By Ed Brock
Ann Phillips thinks her camellia plant is pretty, but a recent quarantine on imports of the flowering plant from a California nursery has made her disinclined to buy any more.
Georgia agricultural officials issued the quarantine last month after finding plants from Monrovia Nursery, a major West Coast supplier of camellias, might be carrying the fungus that causes sudden oak death. Sudden oak death has killed tens of thousands of oaks in California.
"I have a big oak tree in my yard that I don't want bothered," said Phillips who lives in Hampton. "I won't buy any if there's any chance they're infected."
That fear among consumers is dampening the local market at nurseries like Pike Nursery in Stockbridge.
"We're just trying to keep most of the people calm," said Pike employee Ray Bishop. "We tell customers (buying oak trees) if they have any doubts in their mind to just bring them back."
Georgia Department of Agriculture inspectors found two infected camellia plants at the Pike Nursery in Marietta last week and Bishop said they are still awaiting the results of tests on their plants.
"All we were told by the DOA is to keep an eye out," Bishop said.
Walker Nursery in Jonesboro has between 500 and 700 camellia plants that can't be sold while the quarantine is in effect, including 11 from Monrovia, owner Perry Walker said. So far none have shown signs of the disease.
"(Monrovia) is one of the best growers in the world," Walker said. "It's very unusual for them to have problems like this."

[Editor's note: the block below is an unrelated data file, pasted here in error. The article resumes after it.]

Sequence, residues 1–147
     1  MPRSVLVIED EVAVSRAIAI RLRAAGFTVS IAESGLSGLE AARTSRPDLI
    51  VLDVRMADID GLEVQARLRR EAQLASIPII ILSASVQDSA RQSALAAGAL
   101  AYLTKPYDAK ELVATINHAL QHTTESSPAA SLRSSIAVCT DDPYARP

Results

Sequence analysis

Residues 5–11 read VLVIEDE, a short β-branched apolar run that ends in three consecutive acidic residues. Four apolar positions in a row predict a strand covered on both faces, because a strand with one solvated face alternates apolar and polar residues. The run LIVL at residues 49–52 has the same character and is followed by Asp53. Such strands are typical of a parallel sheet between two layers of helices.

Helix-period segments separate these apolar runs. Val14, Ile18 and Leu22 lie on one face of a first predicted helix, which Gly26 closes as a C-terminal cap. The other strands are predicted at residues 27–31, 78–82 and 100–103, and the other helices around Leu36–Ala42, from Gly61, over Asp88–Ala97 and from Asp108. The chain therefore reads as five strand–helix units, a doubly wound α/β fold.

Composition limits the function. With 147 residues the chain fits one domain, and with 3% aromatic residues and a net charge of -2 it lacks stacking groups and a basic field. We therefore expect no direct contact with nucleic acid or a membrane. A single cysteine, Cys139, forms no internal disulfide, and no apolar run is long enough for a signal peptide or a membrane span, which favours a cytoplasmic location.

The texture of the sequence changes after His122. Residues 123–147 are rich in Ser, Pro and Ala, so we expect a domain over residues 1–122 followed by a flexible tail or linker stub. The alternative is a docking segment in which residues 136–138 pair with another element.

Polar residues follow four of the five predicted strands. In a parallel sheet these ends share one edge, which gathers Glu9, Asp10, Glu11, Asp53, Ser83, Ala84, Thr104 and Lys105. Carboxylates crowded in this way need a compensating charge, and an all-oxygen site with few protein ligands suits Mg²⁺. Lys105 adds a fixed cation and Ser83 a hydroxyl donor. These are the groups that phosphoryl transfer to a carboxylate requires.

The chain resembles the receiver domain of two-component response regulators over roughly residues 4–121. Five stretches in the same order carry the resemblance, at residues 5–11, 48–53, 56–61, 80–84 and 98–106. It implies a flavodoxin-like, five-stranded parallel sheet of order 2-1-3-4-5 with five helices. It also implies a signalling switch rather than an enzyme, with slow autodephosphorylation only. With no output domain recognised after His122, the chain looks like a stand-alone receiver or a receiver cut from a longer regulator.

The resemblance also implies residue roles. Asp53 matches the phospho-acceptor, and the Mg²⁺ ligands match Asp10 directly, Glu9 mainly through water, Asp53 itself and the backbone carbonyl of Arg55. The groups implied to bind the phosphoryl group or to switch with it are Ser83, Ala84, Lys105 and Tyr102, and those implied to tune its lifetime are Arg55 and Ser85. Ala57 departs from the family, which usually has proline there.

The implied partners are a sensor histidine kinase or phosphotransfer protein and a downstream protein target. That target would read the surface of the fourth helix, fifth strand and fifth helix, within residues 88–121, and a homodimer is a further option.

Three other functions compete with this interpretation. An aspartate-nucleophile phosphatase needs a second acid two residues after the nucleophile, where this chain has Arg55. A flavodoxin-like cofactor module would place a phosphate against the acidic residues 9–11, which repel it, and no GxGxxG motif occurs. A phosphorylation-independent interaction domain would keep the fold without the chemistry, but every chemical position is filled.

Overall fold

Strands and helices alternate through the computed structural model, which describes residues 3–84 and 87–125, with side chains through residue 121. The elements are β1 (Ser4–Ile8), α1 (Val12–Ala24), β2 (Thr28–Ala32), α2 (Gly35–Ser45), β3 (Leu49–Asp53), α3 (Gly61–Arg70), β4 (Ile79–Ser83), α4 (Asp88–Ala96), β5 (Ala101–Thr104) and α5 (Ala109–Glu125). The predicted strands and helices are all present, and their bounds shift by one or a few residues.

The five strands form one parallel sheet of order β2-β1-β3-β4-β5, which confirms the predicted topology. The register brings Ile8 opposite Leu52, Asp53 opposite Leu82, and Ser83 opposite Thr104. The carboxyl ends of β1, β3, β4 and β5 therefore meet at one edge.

On Monday the DOA also announced that infected plants had been found at John Deere Landscapes in Alpharetta and John Deere Landscapes and Still Lake Nursery, both in Lawrenceville.
When Agriculture Commissioner Tommy Irvin imposed the quarantine in March five other nurseries were listed with infected plants. They are John Deere No. 173 in College Park, Greenbrier Nurseries in Evans, Green-Thumb West in Augusta, Cofer's Home and Garden in Athens and Craven Pottery in Commerce.
Anyone who has purchased plants that originated from Monrovia Nursery should monitor their plants for symptoms, which can look like other ornamental plant disease symptoms.
Those include leaf spots and blotches, leaf scorch or sunburn. Plant lesions can be brown with a bull's-eye effect with dark brown edges and lighter centers.
More information is available at www.agr.state.ga.us.
The Associated Press contributed to this article.